A big topic today is the so-called Smart Grid. This is our power system on steroids, or at least, on millions of small, very capable monitoring computers that will make our power usage more efficient and more, well…smart.

Briefly, the Smart Grid will streamline our power use and decentralize power production, providing resiliency against outages and infrastructure attacks. Two-way digital connections between power providers and consumer homes will help save energy and money. The current grid struggles to keep up with our ever-increasing power needs, and its replacement by the government is a multi-billion dollar initiative already underway.

Most people are now aware (or are getting more so) that all this wonderful technology that makes us efficient, effective and connected also makes us vulnerable to those who want to do us harm. This could be cyber vandals, cheap crooks and scam artists, highly organized criminal enterprises, terrorists, or enemy nations. Let’s put it simply: we have to develop and deploy a Smart Grid. We need it both economically and ecologically. There is no going back to the old isolated power system developed over the span of the Twentieth Century. We are moving forward.

Equally obvious is that this new system is currently very vulnerable. Bad guys can hack in and do damage, extort money, create fear, and generally make our lives very difficult. Right now, leaders and technicians in the government and in the private sector are working like crazy to minimize the risk as much as possible. I would love to say they are working to make sure the bad things do not happen, but frankly, anyone who thinks we can obtain that level of security is not being realistic. Minimizing the risk is as good as it will ever get folks, and we should accept that.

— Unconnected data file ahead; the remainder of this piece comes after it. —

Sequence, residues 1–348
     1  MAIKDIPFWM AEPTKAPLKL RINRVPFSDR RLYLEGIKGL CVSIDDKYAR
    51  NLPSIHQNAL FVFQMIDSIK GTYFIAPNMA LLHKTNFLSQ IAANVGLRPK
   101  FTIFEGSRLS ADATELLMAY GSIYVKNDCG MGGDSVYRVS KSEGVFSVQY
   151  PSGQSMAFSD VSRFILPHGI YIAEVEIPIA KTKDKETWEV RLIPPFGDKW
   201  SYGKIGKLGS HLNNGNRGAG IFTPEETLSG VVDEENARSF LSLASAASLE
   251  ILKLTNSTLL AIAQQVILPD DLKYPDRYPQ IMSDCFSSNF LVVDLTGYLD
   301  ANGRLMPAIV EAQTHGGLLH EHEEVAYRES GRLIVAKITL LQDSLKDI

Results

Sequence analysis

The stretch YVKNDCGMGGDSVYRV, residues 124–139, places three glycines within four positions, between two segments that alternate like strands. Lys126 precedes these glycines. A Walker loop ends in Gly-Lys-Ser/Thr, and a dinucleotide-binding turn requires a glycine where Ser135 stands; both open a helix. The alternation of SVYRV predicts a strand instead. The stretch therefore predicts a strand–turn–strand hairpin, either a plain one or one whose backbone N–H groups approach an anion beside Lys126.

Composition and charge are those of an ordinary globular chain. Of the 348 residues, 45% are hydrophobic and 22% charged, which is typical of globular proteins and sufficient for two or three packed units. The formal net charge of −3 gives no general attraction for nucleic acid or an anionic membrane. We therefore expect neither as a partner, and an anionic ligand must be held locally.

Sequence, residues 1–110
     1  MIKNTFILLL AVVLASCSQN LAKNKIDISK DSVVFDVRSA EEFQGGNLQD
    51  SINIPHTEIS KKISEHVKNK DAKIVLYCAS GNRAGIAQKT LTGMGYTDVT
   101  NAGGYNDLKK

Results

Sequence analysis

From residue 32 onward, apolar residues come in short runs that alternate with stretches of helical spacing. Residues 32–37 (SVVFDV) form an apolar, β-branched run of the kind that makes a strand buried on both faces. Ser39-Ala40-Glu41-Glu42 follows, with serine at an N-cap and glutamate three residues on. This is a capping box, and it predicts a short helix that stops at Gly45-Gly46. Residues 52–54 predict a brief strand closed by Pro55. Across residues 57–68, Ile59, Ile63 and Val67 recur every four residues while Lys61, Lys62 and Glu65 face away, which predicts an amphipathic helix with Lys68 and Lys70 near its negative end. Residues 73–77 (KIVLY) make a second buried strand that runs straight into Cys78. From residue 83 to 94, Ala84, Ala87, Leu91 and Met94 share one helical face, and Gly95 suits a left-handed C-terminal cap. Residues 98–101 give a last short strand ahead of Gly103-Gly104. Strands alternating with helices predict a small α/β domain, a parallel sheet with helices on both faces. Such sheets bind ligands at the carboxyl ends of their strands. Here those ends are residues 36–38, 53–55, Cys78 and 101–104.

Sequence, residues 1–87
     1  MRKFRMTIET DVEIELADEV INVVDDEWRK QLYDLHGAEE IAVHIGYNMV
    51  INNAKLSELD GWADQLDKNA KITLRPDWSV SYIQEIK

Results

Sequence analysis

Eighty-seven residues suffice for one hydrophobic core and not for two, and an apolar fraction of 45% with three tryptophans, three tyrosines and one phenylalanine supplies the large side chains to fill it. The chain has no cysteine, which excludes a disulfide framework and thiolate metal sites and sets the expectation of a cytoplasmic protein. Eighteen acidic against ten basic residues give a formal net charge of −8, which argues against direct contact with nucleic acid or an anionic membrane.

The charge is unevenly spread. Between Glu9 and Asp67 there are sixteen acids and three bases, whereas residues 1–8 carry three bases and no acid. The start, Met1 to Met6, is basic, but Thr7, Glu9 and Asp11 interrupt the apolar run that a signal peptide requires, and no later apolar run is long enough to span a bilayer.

So, what happens? Will the bad guys win the race and hurt us, or will the good guys (in both public and private sectors) prevail? I am an optimist. I think the U.S. can solve any technological challenge it faces. That said, the real problems are that our laws and policies are generally as out dated as the old dumb power grid. If we do not update laws and authorities, it will become ever more difficult for us to provide security, imperfect or otherwise.

Yes, there will be problems, and we can only hope they are relatively small ones that get the attention of the Administration, the Legislators, and the leaders of nearly all sectors of our economy, before a really big attack hits us.

The Smart Grid is vulnerable, but given its essential value, we had better get busy making it more secure. And we are.

Dr. Steven Bucci is director of the Allison Center for Foreign Policy Studies at The Heritage Foundation. He was previously a lead consultant to IBM on cyber security policy. Bucci’s military and government service make him a recognized expert in the interagency process and defense of U.S. interests, particularly with regard to critical infrastructure and what he calls the productive interplay of government and the private sector. Read More